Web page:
7. The Parabolic Variance (PVAR): A Wavelet Variance Based on the Least-Square Fit.

    PubMed

    Vernotte, Francois; Lenczner, Michel; Bourgeois, Pierre-Yves; Rubiola, Enrico

    2016-04-01

    This paper introduces the parabolic variance (PVAR), a wavelet variance similar to the Allan variance (AVAR), based on the linear regression (LR) of phase data. The companion article arXiv:1506.05009 [physics.ins-det] details the Ω frequency counter, which implements the LR estimate. The PVAR combines the advantages of AVAR and modified AVAR (MVAR). PVAR is good for long-term analysis because the wavelet spans over 2τ, the same as the AVAR wavelet, and good for short-term analysis because the response to white and flicker PM is 1/τ(3) and 1/τ(2), the same as the MVAR. After setting the theoretical framework, we study the degrees of freedom and the confidence interval for the most common noise types. Then, we focus on the detection of a weak noise process at the transition-or corner-where a faster process rolls off. This new perspective raises the question of which variance detects the weak process with the shortest data record. Our simulations show that PVAR is a fortunate tradeoff. PVAR is superior to MVAR in all cases, exhibits the best ability to divide between fast noise phenomena (up to flicker FM), and is almost as good as AVAR for the detection of random walk and drift.

  8. Shake, rattle, and roll: Impact of the dynamics of flavivirus particles on their interactions with the host

    PubMed Central

    Kuhn, Richard J.; Dowd, Kimberly A.; Post, Carol Beth; Pierson, Theodore C.

    2016-01-01

    Remarkable progress in structural biology has equipped virologists with insight into structures of viral proteins and virions at increasingly high resolution. Structural information has been used extensively to address fundamental questions about virtually all aspects of how viruses replicate in cells, interact with the host, and in the design of antiviral compounds. However, many critical aspects of virology exist outside the snapshots captured by traditional methods used to generate high-resolution structures. Like all proteins, viral proteins are not static structures. The conformational flexibility and dynamics of proteins play a significant role in protein-protein interactions, and in the structure and biology of virus particles. This review will discuss the implications of the dynamics of viral proteins on the biology, antigenicity, and immunogenicity of flaviviruses. PMID:25835729

  9. West African Anopheles gambiae mosquitoes harbor a taxonomically diverse virome including new insect-specific flaviviruses, mononegaviruses, and totiviruses.

    PubMed

    Fauver, Joseph R; Grubaugh, Nathan D; Krajacich, Benjamin J; Weger-Lucarelli, James; Lakin, Steven M; Fakoli, Lawrence S; Bolay, Fatorma K; Diclaro, Joseph W; Dabiré, Kounbobr Roch; Foy, Brian D; Brackney, Doug E; Ebel, Gregory D; Stenglein, Mark D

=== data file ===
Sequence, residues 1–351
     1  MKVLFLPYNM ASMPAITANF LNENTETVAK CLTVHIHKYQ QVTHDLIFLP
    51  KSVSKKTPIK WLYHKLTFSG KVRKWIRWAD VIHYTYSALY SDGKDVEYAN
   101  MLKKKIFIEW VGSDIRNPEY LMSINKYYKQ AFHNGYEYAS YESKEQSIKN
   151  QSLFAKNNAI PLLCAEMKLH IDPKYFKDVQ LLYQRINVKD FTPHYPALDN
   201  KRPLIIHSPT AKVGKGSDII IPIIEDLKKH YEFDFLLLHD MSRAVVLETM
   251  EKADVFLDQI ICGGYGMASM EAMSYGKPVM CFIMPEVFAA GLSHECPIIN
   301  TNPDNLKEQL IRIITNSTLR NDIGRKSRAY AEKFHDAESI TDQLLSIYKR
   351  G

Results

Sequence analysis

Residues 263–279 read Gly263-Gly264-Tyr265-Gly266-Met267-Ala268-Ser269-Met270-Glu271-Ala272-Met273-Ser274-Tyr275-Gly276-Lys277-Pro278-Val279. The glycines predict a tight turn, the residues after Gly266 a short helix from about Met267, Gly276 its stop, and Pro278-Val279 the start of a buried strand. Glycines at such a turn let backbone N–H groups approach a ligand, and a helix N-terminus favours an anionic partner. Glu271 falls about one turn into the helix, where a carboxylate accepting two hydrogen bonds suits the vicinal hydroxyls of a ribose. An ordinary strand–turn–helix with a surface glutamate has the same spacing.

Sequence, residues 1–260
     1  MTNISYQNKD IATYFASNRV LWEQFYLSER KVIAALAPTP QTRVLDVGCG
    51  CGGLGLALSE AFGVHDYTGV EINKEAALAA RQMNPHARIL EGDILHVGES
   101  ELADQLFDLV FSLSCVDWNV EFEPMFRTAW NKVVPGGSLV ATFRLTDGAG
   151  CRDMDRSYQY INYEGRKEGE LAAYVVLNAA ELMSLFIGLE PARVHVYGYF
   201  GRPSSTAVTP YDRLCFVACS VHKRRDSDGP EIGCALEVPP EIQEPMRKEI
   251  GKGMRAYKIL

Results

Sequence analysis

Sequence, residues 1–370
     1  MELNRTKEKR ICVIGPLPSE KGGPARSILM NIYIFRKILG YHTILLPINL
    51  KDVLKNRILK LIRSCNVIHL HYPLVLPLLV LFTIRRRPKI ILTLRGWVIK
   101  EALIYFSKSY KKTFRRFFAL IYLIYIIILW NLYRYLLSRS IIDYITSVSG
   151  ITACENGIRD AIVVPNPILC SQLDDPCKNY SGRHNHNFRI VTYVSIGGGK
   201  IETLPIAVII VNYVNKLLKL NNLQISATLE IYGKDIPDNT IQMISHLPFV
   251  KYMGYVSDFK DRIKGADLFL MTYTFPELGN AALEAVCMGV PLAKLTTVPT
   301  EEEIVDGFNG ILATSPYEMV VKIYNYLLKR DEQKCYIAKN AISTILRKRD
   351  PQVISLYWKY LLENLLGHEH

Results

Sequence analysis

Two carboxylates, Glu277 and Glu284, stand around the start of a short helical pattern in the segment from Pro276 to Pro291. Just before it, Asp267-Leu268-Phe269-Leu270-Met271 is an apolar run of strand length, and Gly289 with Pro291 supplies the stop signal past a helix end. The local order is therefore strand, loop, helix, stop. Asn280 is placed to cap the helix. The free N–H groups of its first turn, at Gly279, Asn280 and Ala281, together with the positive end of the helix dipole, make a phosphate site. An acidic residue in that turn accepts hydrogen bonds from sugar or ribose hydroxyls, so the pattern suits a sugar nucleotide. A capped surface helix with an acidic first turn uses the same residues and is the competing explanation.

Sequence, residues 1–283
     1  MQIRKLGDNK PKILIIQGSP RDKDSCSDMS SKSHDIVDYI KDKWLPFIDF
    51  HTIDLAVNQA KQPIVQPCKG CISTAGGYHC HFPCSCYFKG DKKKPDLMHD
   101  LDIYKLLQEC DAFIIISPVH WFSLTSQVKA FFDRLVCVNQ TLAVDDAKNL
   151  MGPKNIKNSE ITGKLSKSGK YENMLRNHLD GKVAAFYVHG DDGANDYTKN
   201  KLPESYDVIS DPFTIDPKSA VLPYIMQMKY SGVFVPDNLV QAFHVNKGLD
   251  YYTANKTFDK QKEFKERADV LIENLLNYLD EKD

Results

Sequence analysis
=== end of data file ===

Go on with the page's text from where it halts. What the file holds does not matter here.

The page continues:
2016-11-01

    Anopheles gambiae are a major vector of malaria in sub-Saharan Africa. Viruses that naturally infect these mosquitoes may impact their physiology and ability to transmit pathogens. We therefore used metagenomics sequencing to search for viruses in adult Anopheles mosquitoes collected from Liberia, Senegal, and Burkina Faso. We identified a number of virus and virus-like sequences from mosquito midgut contents, including 14 coding-complete genome segments and 26 partial sequences. The coding-complete sequences define new viruses in the order Mononegavirales, and the families Flaviviridae, and Totiviridae. The identification of a flavivirus infecting Anopheles mosquitoes broadens our understanding of the evolution and host range of this virus family. This study increases our understanding of virus diversity in general, begins to define the virome of a medically important vector in its natural setting, and lays groundwork for future studies examining the potential impact of these viruses on anopheles biology and disease transmission. PMID:27639161

  10. Revisiting the Clinal Concept of Evolution and Dispersal for the Tick-Borne Flaviviruses by Using Phylogenetic and Biogeographic Analyses

    PubMed Central

    Heinze, D. M.; Gould, E. A.

    2012-01-01

    Tick-borne flaviviruses (TBF) are widely dispersed across Africa, Europe, Asia, Oceania, and North America, and some present a significant threat to human health. Seminal studies on tick-borne encephalitis viruses (TBEV), based on partial envelope gene sequences, predicted a westward clinal pattern of evolution and dispersal across northern Eurasia, terminating in the British Isles. We tested this hypothesis using all available full-length open reading frame (ORF) TBF sequences. Phylogenetic analysis was consistent with current reports. However, linear and nonlinear regression analysis of genetic versus geographic distance combined with BEAST analysis identified two separate clines, suggesting that TBEV spread both east and west from a central point. In addition, BEAST analysis suggested that TBF emerged and dispersed more than 16,000 years ago, significantly earlier than previously predicted. Thus, climatic and ecological changes may have played a greater role in TBF dispersal than humans. PMID:22674986

  11. The zoonotic flaviviruses of southern, south-eastern and eastern Asia, and Australasia: the potential for emergent viruses.

    PubMed

    Mackenzie, J S; Williams, D T

    2009-08-01